On until 20 December 2019
Monday-Friday 9am to 7pm
Saturday 12pm to 6pm
Western Bank Library
Barry Hines wrote for and from his community, and unflinchingly chronicled the social injustices he witnessed: from the failure of the education system and lack of opportunity found in A Kestrel for a Knave, and the examination of land ownership and alienated labour in The Gamekeeper, to the devastating effect that Thatcherism had on Sheffield in Looks and Smiles, and the increasingly toxic climate of nuclear threat during the 1980s in Threads.
The project title highlights Hines’s dogged determination over three decades to write about the changing personal and political landscapes of working-class life in South Yorkshire. Including reworkings of rare documents and material from the archive about the Miners’ strike, this collection also illustrates the relevance of Hines’s writing in the twenty-first century, as new political, cultural and social divides open up in Britain and beyond.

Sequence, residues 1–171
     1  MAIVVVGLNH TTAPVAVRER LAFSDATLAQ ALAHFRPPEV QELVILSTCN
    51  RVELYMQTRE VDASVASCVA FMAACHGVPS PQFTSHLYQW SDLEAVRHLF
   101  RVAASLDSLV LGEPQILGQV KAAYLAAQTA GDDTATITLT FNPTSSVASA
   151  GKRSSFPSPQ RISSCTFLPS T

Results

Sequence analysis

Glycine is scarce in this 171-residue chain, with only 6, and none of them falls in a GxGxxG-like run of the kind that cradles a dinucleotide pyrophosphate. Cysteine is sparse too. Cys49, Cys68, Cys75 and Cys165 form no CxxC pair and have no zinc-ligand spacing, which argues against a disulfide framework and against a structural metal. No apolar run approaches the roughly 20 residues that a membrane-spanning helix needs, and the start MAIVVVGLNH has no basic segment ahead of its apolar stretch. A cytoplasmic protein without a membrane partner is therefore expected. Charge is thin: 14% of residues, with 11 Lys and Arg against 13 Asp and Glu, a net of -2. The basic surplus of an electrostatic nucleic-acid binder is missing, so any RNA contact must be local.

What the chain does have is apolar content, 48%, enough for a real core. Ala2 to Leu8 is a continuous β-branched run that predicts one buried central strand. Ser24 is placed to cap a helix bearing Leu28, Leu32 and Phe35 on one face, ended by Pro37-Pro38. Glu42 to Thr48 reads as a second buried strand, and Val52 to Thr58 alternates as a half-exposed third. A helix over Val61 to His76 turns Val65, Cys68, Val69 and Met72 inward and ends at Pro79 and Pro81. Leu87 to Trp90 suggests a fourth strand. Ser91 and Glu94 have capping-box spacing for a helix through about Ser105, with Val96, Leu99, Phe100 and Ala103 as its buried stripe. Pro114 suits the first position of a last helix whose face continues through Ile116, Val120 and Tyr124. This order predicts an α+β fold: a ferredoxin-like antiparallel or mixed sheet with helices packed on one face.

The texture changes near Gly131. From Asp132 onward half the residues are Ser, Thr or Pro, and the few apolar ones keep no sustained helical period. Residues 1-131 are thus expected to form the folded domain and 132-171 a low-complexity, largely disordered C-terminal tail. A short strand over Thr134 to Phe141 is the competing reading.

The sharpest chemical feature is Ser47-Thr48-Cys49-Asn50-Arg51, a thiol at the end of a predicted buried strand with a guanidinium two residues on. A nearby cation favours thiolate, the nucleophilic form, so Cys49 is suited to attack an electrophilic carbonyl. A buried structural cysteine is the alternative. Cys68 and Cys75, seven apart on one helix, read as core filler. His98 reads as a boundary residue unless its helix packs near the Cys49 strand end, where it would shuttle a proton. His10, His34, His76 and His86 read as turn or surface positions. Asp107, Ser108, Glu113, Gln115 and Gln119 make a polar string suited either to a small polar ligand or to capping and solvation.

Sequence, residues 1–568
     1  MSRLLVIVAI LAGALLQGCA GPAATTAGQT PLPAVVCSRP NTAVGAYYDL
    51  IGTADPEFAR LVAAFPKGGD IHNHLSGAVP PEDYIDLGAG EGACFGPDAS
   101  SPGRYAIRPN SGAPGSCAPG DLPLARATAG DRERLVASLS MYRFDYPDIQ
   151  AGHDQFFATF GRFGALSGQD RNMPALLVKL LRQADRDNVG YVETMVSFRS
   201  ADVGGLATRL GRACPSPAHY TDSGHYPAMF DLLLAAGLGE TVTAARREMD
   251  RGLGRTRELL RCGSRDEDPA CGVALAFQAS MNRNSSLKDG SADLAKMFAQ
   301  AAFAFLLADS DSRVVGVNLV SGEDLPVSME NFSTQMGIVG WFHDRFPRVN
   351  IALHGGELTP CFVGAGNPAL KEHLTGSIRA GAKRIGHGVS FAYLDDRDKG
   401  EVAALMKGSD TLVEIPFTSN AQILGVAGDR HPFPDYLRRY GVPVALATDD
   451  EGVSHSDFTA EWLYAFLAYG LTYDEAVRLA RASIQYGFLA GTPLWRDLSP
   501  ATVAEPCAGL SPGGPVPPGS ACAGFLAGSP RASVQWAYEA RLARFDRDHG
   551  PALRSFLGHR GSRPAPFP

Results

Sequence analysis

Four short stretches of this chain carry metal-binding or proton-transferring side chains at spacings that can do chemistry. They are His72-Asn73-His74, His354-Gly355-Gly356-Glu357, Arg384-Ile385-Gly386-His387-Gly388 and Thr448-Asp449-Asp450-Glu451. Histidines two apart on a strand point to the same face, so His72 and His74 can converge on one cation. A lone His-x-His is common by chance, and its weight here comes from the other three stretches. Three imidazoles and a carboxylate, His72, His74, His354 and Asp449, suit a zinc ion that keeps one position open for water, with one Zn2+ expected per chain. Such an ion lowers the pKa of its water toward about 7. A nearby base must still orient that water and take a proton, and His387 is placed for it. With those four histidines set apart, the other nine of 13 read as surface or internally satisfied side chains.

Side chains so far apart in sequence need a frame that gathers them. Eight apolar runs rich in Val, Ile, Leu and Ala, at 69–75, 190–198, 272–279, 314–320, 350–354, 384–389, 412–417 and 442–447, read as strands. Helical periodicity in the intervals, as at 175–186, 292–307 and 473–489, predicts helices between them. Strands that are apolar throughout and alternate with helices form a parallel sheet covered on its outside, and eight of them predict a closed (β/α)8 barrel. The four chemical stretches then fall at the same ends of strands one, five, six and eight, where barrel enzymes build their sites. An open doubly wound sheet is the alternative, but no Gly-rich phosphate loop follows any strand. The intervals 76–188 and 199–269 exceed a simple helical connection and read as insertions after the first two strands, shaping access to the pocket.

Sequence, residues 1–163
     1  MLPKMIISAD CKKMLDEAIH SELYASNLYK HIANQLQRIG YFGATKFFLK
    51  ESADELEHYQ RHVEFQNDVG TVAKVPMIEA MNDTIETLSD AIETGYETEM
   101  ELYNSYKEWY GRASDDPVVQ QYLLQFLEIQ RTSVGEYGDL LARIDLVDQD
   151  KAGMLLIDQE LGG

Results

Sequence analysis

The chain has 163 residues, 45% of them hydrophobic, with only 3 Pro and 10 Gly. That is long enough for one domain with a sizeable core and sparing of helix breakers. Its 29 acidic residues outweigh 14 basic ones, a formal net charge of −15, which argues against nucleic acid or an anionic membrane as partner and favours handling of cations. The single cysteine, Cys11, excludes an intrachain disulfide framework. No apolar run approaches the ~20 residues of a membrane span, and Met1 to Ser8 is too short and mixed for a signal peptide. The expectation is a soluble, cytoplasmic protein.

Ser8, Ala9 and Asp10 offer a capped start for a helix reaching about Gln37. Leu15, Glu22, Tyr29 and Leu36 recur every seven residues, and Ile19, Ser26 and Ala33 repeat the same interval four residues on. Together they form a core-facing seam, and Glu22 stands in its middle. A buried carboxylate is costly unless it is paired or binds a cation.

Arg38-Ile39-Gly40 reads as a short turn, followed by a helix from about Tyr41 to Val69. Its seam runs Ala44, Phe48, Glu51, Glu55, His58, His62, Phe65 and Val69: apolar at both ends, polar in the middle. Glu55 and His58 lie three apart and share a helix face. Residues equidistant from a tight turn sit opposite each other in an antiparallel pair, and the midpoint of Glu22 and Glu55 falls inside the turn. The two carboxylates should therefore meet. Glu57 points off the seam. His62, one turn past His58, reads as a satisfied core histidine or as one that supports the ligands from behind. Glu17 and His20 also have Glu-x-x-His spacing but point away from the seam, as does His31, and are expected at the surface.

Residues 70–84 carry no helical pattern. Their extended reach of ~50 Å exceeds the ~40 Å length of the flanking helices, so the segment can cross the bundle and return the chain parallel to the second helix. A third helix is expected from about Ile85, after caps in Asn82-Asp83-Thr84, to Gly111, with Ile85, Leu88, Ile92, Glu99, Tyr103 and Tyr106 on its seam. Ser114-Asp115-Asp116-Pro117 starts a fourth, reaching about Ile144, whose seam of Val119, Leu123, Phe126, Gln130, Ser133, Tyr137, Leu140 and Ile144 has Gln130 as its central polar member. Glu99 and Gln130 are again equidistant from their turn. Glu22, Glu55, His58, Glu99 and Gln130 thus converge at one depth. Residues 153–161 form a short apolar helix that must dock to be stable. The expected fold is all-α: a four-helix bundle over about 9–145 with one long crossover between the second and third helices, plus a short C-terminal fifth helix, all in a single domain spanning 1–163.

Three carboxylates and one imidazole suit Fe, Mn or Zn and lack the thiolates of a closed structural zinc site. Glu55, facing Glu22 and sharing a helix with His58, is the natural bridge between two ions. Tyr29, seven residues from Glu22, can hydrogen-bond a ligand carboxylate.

This exhibition is curated by artists Patrick Murphy and Anton Want, inspired by Barry Hines’s writing and the contents of his archive held in The University of Sheffield.
The artists have worked closely with Dr David Forrest from the School of English whose work with Professor Sue Vice on Hines has drawn widely on the archive.
The Orgreave Truth and Justice Campaign were delighted to be organising events at Kelham Island and the City Hall this year in collaboration with the University of Sheffield, Faculty of Arts and Humanities. We are very keen to promote the work of Barry Hines. He writes from the heart, his work is raw, historically accurate and heavily critical of the ruling class. It is a privilege to be part of promoting these unpublished works and make them available for the public to see.